Ask and You Shall Receive

Last week an excellent question was posed by Dr. Marla Gottschalk and I had the honor of sharing it with you (Thanks Marla!):

What is the best way to request what you want/deserve in a business relationship with finesse and power?

Five experts weighed in with their best tips on the subject.  This “meeting of the minds” was a fantastic addition this week, because women (and men) sometimes have difficulty asking for what they want or need, especially in business relationships.  Is it a lack of confidence or self-worth, fear of rejection, or simply not knowing the right approach?

The biggest take-aways for me are: (1) the importance of clarifying expectations, (2) being respectful, (3) listening and offering before asking, (4) thoughtfully presenting your case, and most importantly, (5) not compromising your needs in the process.  See the wonderful detail and examples presented below and discover your best path to finesse and power in your business relationships.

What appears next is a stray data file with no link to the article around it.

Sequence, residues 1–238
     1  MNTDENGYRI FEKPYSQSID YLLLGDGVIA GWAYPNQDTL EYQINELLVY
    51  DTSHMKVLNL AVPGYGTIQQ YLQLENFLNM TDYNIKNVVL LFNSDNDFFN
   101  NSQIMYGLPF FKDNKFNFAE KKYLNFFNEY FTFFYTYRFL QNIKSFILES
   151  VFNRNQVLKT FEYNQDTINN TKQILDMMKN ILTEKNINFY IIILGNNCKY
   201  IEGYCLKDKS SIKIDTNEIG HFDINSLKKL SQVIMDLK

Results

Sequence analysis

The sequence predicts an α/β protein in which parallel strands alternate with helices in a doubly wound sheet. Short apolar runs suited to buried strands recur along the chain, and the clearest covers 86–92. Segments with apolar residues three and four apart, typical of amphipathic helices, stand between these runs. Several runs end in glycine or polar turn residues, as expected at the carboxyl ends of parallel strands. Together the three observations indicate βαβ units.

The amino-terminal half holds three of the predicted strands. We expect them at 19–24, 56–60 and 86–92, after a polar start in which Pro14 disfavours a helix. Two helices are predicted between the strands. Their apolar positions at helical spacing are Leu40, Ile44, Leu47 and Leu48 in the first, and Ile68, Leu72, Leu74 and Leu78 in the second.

“Finesse and power?  I think I’m still working up to that!  Seriously, the first thing to do when asking for what you want, especially if you expect some resistance, is to give the other person a chance to express what they want first.  It’s a simple thing, but it shifts the entire dynamic.  If I take the time to listen and feedback what the other person wants, they are about 500x more likely to listen to what I want.  Asking from the place of understanding is about the most powerful stance we can take.”

Stephanie Padovani (@BookMoreBrides), Co-founder of Book More Brides

“You need to highlight what you’ve achieved BUT if you alienate others in the process, you’ll end up attracting negative energy.  I try to help others achieve their goals, and if they value it, then they return the favor, and give credit in time.  Not everyone gets it though :)”